On the Sidewalk Bleeding: Summary & Themes

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  • 0:03 On the Sidewalk…
  • 2:40 Theme: Social Responsibility
  • 4:12 Theme: Identity
  • 5:17 Lesson Summary
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Lesson Transcript
Instructor: Lindsey Coley
This is a summary of Evan Hunter's 1956 short story ''On the Sidewalk Bleeding'' as well as a detailed discussion of the main themes of social responsibility and identity that are found within.

''On the Sidewalk Bleeding'' Summary

''On the Sidewalk Bleeding'' is a short story written by Evan Hunter, also known as Ed McBain, in 1956. The story focuses on a 16-year-old young man named Andy and his last moments after being stabbed by a rival gang member in an alley. The details come sharp and fast in third person omniscient narrative, which is where the narrator is omniscient, or God-like, in that they can go in and out of the character's thoughts and describe everything in a scene.

The omniscient narrator tells us that, though he's bleeding in a rain-filled alley, Andy does not yet know he is going to die tonight, but that he will. The reader is updated throughout the story as Andy slowly comes to the realization that he may die, and then that he certainly will die, in this dark alley.

While he is lying there, unable to speak through the blood in his throat, Andy thinks about his girl, Laura, and what she must be thinking about him not returning to the dance, and about how much he loves her. He thinks about his identity as a Royals gang member and how wearing his Royals jacket has gotten him stabbed. Andy wonders whether he was stabbed as Andy, or ''had they simply known that he was Royal wearing a purple silk jacket.'' He comes to the awful and dark realization that he's more Andy than a Royal, and it is a horrible conclusion that he must die for the symbol of the jacket.

There are three separate incidences of people arriving to the scene who may get him to safety where he can be treated for his knife wound, but to no avail. The first is a drunk who assumes Andy to be another drunk laid flat out and, after a brief one-sided conversation, decides to leave Andy in the alley without help, assuming it to be better that Andy doesn't have a ''cop fin' you all drunk an' wet in an alley.'' He tells him that ''this time you got off easy,'' which is a terrible irony based on Andy's current condition.

The second incidence shows a young couple arriving upon the scene of Andy dying and choosing not to help him for fear of the Guardians, a rival gang. This is the moment that Andy really starts to reflect upon being Andy and not defined by his jacket or his gang. It is a devastating idea that this young man will die due to a symbol.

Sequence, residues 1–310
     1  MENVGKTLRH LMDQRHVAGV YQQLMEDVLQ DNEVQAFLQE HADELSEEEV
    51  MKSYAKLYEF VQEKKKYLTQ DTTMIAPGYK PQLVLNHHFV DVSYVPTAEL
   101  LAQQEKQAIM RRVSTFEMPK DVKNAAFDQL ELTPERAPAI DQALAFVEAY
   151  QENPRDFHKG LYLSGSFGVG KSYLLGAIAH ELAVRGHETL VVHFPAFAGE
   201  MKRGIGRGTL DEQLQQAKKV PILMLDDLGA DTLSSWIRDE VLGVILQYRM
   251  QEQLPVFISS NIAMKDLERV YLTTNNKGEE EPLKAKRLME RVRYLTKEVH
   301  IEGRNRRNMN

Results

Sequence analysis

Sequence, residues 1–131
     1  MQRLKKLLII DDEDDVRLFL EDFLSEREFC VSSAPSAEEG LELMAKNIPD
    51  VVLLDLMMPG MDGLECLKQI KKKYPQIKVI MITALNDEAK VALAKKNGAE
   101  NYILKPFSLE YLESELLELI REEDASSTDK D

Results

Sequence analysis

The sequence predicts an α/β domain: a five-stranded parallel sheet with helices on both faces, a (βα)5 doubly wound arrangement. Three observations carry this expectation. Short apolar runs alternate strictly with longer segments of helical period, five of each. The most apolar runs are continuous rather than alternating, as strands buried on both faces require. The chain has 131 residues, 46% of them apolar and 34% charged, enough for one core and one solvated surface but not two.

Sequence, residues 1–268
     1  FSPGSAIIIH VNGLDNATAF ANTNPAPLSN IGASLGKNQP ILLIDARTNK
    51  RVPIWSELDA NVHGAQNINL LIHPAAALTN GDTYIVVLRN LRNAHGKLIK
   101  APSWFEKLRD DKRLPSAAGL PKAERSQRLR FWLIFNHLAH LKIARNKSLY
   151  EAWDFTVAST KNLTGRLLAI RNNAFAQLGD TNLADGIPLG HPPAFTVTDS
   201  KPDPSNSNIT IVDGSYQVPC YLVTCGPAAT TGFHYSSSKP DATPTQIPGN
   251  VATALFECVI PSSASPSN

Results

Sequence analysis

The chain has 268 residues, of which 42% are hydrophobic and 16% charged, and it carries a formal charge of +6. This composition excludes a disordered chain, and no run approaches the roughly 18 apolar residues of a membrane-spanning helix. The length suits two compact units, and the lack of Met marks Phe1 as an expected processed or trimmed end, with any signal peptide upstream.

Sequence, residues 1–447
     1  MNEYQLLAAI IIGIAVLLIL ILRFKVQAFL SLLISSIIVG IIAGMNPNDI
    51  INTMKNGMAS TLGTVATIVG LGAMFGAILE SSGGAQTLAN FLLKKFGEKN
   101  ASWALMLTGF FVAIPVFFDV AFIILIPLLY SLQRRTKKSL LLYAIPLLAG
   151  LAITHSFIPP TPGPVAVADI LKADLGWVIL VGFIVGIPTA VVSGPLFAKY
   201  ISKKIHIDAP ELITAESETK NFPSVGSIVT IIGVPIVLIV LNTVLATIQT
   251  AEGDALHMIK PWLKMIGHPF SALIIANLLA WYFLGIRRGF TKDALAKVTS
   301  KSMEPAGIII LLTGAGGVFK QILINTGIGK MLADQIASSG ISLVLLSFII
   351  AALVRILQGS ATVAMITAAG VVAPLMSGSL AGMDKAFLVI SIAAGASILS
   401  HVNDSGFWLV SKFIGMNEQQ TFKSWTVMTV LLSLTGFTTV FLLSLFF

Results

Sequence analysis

The third incidence is an old woman who appears to be homeless and dumpster diving, who simply does not see Andy bleeding to death on the sidewalk under the darkness and the rain. The story ends with Laura seeking and finding him help after it is too late. Only 48 minutes after the scene begins, it ends. The cop that arrives at Laura's bequest does not begin with listing Andy's name, but instead by writing on a notepad ''A Royal.''

Theme: Social Responsibility

One of the main themes in ''On the Sidewalk Bleeding'' is social responsibility. This is the idea that society, or a community as a whole, should be held accountable to the individuals in it. To some level, everyone is socially responsible. Some believe they should know every book on their neighbor's shelves, and others believe they should only get involved in scenarios that enter their personal space. This is where one might look the other way if they heard a couple arguing in a house but get involved if they saw a physical altercation taking place in a public street. That draw to get involved is a feeling of social responsibility.

In our story, a young man is bleeding out and we see at least two clear incidents of possible saviors for him. One, the drunk, doesn't realize the truth of the situation, and so he's removed from the social responsibility in the reader's eyes. He is just an unfortunate tease for Andy.

The second incident, though, with the young couple, Freddie and Angela, is entirely different. They clearly recognize the gravity of Andy's injuries and make a clear choice to remove themselves from the scene and any social responsibility they may feel. They do seem to feel some, since there's hesitation when Freddie kneels by Andy's side to see how he is, but when they realize he's a Royal, their fear of the rival gang and ideas of their own self-preservation keep them from giving him any aid.

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